A complaint I recently heard from some Agile teams I’ve been working with was that they didn’t know what was going on with the other teams. They were all focused on their sprint work and they didn’t know what other teams were doing or how they were doing it. Team members were concerned that there might not be consistency across the teams which could create headaches later on.
Agile has historically pushed back against documentation. Working software over comprehensive documentation. The writers of the Agile Manifesto were rebelling against the enormous software specifications that teams had to write before they could write a single line of code. They claimed that they were usually write-only documents that quickly grew out of date. The code was the real documentation so software specifications were not required. If someone wanted to know about what your team was doing, they could ask or take a look at your code repository and figure it out. That’s true but there should be an easier way.
The Agile Modeling folks have stated that “effective documentation is a balancing act; the goal being to have just enough documentation at just the right time for just the right audience”.
Minimal Agile documentation should include answers to three questions:
- What are you doing?
- How are you doing it?
- Why are you doing it that way?
For the Agile teams I’ve been working with, we created a document that did just that. We call it the Implementation Review Document (IRD). It is intended to be a living artifact for what the sprint team is working on which can be revised when needed. The IRD is designed be very lightweight and should take no more than an hour, maybe two, to write. It’s a good way to check the design of what you plan to implement and get feedback from people outside of your sprint team. It can also help maintain some level of consistency across teams.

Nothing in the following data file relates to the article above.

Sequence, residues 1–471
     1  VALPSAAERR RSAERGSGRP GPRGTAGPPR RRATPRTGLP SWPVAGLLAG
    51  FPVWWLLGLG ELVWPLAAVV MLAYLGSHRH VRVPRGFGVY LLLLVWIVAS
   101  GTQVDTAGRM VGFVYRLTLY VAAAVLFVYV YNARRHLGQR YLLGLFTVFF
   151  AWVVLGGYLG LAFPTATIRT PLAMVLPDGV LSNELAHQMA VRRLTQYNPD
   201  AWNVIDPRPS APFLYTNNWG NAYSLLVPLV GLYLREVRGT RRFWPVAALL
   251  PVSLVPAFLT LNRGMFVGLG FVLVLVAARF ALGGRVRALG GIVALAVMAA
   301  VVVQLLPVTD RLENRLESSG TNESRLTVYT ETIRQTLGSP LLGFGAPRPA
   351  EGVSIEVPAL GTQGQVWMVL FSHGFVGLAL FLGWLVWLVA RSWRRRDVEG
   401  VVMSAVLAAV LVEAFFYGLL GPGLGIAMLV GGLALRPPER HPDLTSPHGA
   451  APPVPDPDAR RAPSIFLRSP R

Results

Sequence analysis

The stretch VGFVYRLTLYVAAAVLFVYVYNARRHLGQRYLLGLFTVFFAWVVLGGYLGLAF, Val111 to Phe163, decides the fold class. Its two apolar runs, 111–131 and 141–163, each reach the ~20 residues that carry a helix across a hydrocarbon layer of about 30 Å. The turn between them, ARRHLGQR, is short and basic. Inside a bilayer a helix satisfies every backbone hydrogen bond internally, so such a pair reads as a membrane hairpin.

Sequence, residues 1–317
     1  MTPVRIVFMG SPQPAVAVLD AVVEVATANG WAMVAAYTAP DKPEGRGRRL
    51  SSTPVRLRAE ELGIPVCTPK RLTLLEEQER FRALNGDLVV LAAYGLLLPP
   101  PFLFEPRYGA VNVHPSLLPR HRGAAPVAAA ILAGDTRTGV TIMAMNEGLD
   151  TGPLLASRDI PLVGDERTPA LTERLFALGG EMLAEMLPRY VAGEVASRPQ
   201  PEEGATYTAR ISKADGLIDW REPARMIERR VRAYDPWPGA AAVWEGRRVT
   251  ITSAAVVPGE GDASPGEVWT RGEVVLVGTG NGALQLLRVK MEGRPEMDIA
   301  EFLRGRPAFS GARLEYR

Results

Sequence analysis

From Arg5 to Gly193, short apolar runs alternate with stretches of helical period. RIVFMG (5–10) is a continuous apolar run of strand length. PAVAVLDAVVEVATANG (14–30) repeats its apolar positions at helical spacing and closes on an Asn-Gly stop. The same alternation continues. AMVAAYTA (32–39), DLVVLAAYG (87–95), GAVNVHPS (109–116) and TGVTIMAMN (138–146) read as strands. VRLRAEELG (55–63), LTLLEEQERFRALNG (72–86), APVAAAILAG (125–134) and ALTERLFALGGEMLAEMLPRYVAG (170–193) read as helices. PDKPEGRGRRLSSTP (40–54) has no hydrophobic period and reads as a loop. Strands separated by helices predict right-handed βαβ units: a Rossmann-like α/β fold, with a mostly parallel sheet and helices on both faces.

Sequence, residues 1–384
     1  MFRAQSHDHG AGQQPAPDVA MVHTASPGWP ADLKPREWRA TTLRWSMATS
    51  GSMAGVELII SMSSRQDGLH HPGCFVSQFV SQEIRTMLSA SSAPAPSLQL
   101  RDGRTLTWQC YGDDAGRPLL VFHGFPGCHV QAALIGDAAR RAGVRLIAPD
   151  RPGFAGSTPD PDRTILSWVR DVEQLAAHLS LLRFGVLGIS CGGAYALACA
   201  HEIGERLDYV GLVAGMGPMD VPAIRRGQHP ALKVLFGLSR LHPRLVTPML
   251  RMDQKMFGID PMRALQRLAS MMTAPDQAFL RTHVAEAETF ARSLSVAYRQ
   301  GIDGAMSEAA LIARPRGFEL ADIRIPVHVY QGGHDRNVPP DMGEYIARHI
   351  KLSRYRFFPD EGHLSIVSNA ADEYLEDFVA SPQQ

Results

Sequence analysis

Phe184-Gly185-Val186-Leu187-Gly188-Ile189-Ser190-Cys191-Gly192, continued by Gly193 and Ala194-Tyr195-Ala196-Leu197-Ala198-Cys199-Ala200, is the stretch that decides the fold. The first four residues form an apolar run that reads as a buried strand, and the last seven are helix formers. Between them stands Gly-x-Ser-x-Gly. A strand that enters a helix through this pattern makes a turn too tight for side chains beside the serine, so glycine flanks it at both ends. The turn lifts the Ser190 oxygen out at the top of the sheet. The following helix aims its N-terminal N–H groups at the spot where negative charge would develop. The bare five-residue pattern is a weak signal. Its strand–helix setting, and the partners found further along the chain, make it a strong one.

It is suggested that, when appropriate, sprint teams add a “Write and present an IRD” story (or perhaps “Revise and present IRD”) into their sprints. Ideally, they should present it before the associated work is started. The presentations have usually taken 15 to 20 minutes. Some have taken longer because there was a lot of interest and discussion. They should include it in their repository or knowledge store (e.g. Confluence).
When is an IRD appropriate? It wouldn’t make much sense to write an IRD if you are doing something simple such as adding a field or button to an existing screen. An IRD is more appropriate when you are using a new approach or tool. For example, let’s say that you are implementing an electronic fax feature and introducing a message queue to queue up the request. The IRD could look like this:
- What are we doing? Sending requests to an electronic fax gateway.
- How are we doing it? Send requests to a RabbitMQ message queue that are then read by a separate process that sends them to the electronic fax gateway.
- Why are we doing it that way? By using a message queue, we separate the initial request from the actual transmission to the electronic fax gateway, creating a better user experience and building a more scalable solution.
The documentation is succinct and readers get a quick overview of the implementation. Notice that a specific technology, in this case RabbitMQ, is included. This is important. This is how we can capture when new or different products are being introduced into the environment.
We have found that IRDs help sprint teams better understand what other teams are doing and how they are doing it. IRDs also help provide improved consistency and adherence to standards as well as monitoring what new technologies are being introduced.